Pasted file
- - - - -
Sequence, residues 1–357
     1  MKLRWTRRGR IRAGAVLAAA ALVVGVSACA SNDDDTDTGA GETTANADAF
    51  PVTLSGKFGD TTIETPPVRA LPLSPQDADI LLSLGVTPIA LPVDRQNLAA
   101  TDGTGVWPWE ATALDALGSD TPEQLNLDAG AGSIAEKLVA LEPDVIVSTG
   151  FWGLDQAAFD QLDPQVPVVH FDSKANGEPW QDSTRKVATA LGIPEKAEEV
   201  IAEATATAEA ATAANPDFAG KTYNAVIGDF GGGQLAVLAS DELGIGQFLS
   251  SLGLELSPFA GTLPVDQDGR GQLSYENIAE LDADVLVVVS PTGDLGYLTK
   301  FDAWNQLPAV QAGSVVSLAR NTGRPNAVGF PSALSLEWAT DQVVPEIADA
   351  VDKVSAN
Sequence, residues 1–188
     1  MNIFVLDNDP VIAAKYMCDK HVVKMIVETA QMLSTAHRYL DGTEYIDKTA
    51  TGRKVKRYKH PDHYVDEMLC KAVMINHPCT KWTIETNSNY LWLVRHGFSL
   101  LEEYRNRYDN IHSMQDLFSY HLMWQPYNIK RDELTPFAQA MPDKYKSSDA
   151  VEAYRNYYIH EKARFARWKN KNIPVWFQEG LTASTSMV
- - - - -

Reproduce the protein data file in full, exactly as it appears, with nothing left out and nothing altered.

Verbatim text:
Sequence, residues 1–357
     1  MKLRWTRRGR IRAGAVLAAA ALVVGVSACA SNDDDTDTGA GETTANADAF
    51  PVTLSGKFGD TTIETPPVRA LPLSPQDADI LLSLGVTPIA LPVDRQNLAA
   101  TDGTGVWPWE ATALDALGSD TPEQLNLDAG AGSIAEKLVA LEPDVIVSTG
   151  FWGLDQAAFD QLDPQVPVVH FDSKANGEPW QDSTRKVATA LGIPEKAEEV
   201  IAEATATAEA ATAANPDFAG KTYNAVIGDF GGGQLAVLAS DELGIGQFLS
   251  SLGLELSPFA GTLPVDQDGR GQLSYENIAE LDADVLVVVS PTGDLGYLTK
   301  FDAWNQLPAV QAGSVVSLAR NTGRPNAVGF PSALSLEWAT DQVVPEIADA
   351  VDKVSAN
Sequence, residues 1–188
     1  MNIFVLDNDP VIAAKYMCDK HVVKMIVETA QMLSTAHRYL DGTEYIDKTA
    51  TGRKVKRYKH PDHYVDEMLC KAVMINHPCT KWTIETNSNY LWLVRHGFSL
   101  LEEYRNRYDN IHSMQDLFSY HLMWQPYNIK RDELTPFAQA MPDKYKSSDA
   151  VEAYRNYYIH EKARFARWKN KNIPVWFQEG LTASTSMV